U.S.v.Blackmon

United States Court of Appeals, Fifth CircuitOct 25, 2010
399 Fed. Appx. 903 (5th Cir. 2010)

No. 08-50323 Summary Calendar.

October 25, 2010.

Joseph H. Gay, Jr., Assistant Us Attorney, U.S. Attorney's Office Western District of Texas, San Antonio, TX, for Plaintiff-Appellee.

Deante Demone Blackmon, Bastrop, TX, pro se.

Appeal from the United States District Court for the Western District of Texas, USDC No. 6:03-CR-53-ALL.

Before WIENER, PRADO and OWEN, Circuit Judges.


Deante Demone Blackmon, federal prisoner # 35542-180, seeks leave to proceed in forma pauperis (IFP) on appeal from the district court's denial of his 18 U.S.C. § 3582(c)(2) motion to reduce his sentence based on recent amendments to the Sentencing Guidelines for crack cocaine offenses. He pleaded guilty to one count of distribution of crack cocaine, and he received an amended sentence of 180 months of imprisonment. By moving to proceed IFP, Blackmon is challenging the district court's certification decision that his appeal was not taken in good faith because it is frivolous. See Baugh v. Taylor, 117 F.3d 197, 202 (5th Cir. 1997).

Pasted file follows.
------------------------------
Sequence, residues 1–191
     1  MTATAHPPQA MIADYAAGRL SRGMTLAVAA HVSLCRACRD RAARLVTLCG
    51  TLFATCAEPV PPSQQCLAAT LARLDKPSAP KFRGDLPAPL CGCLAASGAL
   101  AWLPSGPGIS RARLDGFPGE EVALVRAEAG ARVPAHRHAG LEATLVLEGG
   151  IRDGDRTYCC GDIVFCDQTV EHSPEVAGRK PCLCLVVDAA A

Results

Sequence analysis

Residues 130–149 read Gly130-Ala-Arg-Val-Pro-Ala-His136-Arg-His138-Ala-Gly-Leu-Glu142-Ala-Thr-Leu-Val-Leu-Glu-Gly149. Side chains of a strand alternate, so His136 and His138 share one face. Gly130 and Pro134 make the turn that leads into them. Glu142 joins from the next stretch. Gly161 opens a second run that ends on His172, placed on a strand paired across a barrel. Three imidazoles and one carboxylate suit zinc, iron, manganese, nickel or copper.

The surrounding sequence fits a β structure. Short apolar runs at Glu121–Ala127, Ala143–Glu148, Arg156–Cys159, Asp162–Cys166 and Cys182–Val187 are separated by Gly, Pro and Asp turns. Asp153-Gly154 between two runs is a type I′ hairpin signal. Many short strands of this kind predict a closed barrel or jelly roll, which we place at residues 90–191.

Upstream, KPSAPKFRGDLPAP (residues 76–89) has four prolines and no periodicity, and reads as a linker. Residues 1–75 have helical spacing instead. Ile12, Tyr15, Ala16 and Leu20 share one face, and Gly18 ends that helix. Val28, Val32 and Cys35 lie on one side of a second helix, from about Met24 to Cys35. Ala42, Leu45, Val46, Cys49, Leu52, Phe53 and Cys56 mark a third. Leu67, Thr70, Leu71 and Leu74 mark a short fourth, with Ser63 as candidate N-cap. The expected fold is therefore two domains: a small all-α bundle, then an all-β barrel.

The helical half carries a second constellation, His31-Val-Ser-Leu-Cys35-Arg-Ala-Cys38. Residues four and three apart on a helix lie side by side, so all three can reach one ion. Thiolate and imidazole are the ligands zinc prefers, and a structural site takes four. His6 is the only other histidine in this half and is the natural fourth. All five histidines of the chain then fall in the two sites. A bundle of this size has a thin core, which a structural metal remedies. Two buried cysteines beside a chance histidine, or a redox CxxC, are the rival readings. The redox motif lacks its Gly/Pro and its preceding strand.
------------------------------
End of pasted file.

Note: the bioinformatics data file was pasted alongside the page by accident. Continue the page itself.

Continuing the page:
The district court denied Blackmon's § 3582(c)(2) motion in its exercise of discretion. In this court, Blackmon merely asserts that the guideline amendment is applicable to his sentence, and he requests that this court reduce his sentence accordingly. He does not challenge the reasons given by the district court for its denial of his § 3582(c)(2) motion, and he has therefore abandoned the issue. See Brinkmann v. Dallas County Deputy Sheriff Abner, 813 F.2d 744, 748 (5th Cir. 1987).

Blackmon also maintains that trial and appellate counsel should have raised objections and arguments regarding drug quantity based on Apprendi v. New Jersey, 530 U.S. 466, 120 S.Ct. 2348, 147 L.Ed.2d 435 (2000). Blackmon's claim regarding the validity of his original sentence is not properly presented in this § 3582(c)(2) proceeding. See United States v. Whitebird, 55 F.3d 1007, 1011 (5th Cir. 1995).

Blackmon has failed to show that he will raise a nonfrivolous issue on appeal. See Howard v. King, 707 F.2d 215, 220 (5th Cir. 1983). Accordingly, his IFP motion is DENIED. Because the appeal is frivolous, it is DISMISSED. See 5TH CIR. R. 42.2.